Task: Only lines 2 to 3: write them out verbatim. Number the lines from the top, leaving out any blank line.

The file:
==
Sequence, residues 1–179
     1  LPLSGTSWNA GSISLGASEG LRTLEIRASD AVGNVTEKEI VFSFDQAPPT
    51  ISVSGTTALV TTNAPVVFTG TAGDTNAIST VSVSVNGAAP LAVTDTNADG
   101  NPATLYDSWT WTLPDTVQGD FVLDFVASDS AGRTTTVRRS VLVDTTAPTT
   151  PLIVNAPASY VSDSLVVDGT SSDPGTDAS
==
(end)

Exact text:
     1  LPLSGTSWNA GSISLGASEG LRTLEIRASD AVGNVTEKEI VFSFDQAPPT
    51  ISVSGTTALV TTNAPVVFTG TAGDTNAIST VSVSVNGAAP LAVTDTNADG